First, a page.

Sometimes considered to be the rarest educational game in existence, Eli’s Ladder is known for its scarcity. Now, I won’t begrudge someone for wanting to learn math on an Atari 2600. Video games are a great way to trick children into learning something boring. However, Eli’s Ladder is an extremely basic example of this, and because there are so few in circulation, the last time one was sold on eBay, it went for $5000. If someone offered me $5000, I promise I would learn arithmetic so damned hard without the need for an Atari 2600.
Waterworld (1995, Virtual Boy)
This is another game that I actually own, but that’s only because it wasn’t as expensive at the time, and I needed it to complete my collection of North American Virtual Boy games. Waterworld is based on the 1995 post-apocalyptic film. While there were other games based on the movie, Waterworld on Virtual Boy is its own distinct thing, which isn’t much. A lot of Virtual Boy games had the problem where they felt more like tech demos or old arcade games rather than complete experiences. Waterworld is like that. You sail around, blowing up other boats and rescuing people. It takes about a minute to see everything that Waterworld has to offer, then it just repeats that but harder.
Bronkie the Bronchiasaurus (1994, SNES)
I almost didn’t include Bronkie the Bronchiasaurus because I definitely want to play it. However, I deliberately play bad games, so I’m a very poor metric. Bronkie the Bronchiasaurus is an edutainment sidescroller from Raya Systems, who also brought us Captain Novolin, Rex Ronan: Experimental Surgeon, and Packy and Marlon. It’s about the titular Bronciasaurus who has to both platform and manage their asthma. While I’m a broken enough person to find that to be a tantalizing premise, I’m not sure I’m willing to spend upwards of $300 to find out if it reaches its ambitions.
King James Bible (1994, Game Boy)
I’m not trying to say the King James Bible isn’t a worthwhile read. I’m sure it’s… neat. However, the Game Boy sounds like the worst imaginable e-reader. The system is known for its great library of games and a battery life longer the 8 seconds. It isn’t known for having a fantastic screen. Truly, its screen could be best described as “visible,” at least while there’s sufficient light but not too much light. The idea of reading an entire book on there, let alone the Bible, sounds like a pretty depressing way to spend a road trip. There are two games on there, and a word search in case you’re curious about how many times the word “cock” comes up in the Bible.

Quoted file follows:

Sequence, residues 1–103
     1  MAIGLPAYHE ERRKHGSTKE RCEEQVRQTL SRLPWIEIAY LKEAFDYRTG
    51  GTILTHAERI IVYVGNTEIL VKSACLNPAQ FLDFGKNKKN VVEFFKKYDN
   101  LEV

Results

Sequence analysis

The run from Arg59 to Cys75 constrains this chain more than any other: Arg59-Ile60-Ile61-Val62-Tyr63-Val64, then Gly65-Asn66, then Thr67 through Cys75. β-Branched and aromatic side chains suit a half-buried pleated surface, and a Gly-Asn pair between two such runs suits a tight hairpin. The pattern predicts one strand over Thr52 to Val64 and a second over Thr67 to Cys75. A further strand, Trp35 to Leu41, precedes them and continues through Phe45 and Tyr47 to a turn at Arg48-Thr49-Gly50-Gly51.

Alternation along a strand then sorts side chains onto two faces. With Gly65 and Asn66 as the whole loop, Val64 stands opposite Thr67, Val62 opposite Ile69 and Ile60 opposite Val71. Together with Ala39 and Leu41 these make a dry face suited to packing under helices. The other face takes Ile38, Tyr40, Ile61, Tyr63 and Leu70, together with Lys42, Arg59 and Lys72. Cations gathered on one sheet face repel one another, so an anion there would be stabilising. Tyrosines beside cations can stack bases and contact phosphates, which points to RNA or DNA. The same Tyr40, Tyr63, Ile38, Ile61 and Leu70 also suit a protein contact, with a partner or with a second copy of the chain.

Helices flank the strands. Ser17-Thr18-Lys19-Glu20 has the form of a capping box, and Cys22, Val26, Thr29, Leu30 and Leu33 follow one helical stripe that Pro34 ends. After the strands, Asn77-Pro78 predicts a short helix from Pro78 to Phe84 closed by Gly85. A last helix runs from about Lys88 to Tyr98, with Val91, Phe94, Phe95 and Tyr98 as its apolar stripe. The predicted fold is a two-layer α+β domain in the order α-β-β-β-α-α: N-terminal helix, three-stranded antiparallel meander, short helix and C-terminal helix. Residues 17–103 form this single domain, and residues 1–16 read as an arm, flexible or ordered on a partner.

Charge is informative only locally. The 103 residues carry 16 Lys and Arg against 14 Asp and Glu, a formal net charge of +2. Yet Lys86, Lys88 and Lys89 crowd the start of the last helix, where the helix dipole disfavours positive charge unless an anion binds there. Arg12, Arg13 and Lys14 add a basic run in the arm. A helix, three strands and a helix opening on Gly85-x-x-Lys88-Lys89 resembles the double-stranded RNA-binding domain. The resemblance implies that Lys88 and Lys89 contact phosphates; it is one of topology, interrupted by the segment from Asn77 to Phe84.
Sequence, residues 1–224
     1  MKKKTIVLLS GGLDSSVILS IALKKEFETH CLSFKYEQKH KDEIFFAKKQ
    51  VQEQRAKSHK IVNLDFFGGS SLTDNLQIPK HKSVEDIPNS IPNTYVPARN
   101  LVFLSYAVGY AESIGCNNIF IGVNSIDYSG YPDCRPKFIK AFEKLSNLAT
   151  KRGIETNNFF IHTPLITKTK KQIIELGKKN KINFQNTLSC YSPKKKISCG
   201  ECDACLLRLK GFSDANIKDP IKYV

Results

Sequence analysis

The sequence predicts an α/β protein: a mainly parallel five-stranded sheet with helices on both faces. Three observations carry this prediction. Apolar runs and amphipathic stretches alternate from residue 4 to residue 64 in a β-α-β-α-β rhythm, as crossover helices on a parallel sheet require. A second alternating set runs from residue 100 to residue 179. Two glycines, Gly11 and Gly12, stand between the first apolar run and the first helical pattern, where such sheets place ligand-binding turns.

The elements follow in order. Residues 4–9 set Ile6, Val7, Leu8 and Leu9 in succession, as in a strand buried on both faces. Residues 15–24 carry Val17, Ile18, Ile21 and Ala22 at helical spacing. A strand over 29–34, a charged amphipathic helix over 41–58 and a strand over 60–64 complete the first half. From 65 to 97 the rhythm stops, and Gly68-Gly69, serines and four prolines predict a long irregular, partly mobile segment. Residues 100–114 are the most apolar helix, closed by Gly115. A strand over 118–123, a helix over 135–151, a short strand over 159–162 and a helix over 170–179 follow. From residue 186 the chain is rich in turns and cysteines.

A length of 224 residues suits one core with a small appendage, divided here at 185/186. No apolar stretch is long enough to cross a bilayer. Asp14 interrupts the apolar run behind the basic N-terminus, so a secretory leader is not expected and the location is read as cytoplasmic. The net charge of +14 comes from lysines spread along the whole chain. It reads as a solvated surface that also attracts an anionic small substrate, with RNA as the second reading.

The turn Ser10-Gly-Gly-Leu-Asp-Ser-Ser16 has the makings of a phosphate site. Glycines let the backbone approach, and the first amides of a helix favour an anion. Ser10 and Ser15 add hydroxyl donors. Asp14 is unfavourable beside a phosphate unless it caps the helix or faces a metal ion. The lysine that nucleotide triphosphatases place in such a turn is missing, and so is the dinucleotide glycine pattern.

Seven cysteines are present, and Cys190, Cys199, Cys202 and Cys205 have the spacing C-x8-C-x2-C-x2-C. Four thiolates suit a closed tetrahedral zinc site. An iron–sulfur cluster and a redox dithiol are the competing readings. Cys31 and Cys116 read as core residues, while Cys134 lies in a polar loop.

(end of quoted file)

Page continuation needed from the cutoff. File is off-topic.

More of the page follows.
Actually, that is something I’m curious about. According to my research, it’s somewhere between 7 and 13 times. King James Bible says none, so what’s even the point?
Neurodancer (1994, 3DO)
I know I said these are games that you don’t want to play, but I can conceive of reasons why you’d want to play old pornographic games. Not because they’re worthwhile additions to the sin bin. It’s easier than ever to taste every flavor of porn possible while you’re riding the bus or at your child’s piano recital, and adding a game to it is just a needless obstacle that gets in the way of nipples. No, I would play pornographic games because they’re so bad; they’re kitsch.
Pornographic FMV games are in their own category of bad, and Neurodancer for the 3DO Interactive Multiplayer is the perfect example of a title that gets in the way of its own concept. Not only is it so mild that my extensive research has not uncovered the existence of actual tits within it, but a high percentage of it is actually videos of people goofing around in front of cameras, spoofing the cyberpunk future like something out of Robocop. That doesn’t do much for me in terms of arousal, but worse are the mazes that you have to go through to gain credits that you use to get women to take their clothes. Listen, I don’t know how much you know about seduction, but mazes are a pretty unconventional approach.
Try match-3 instead.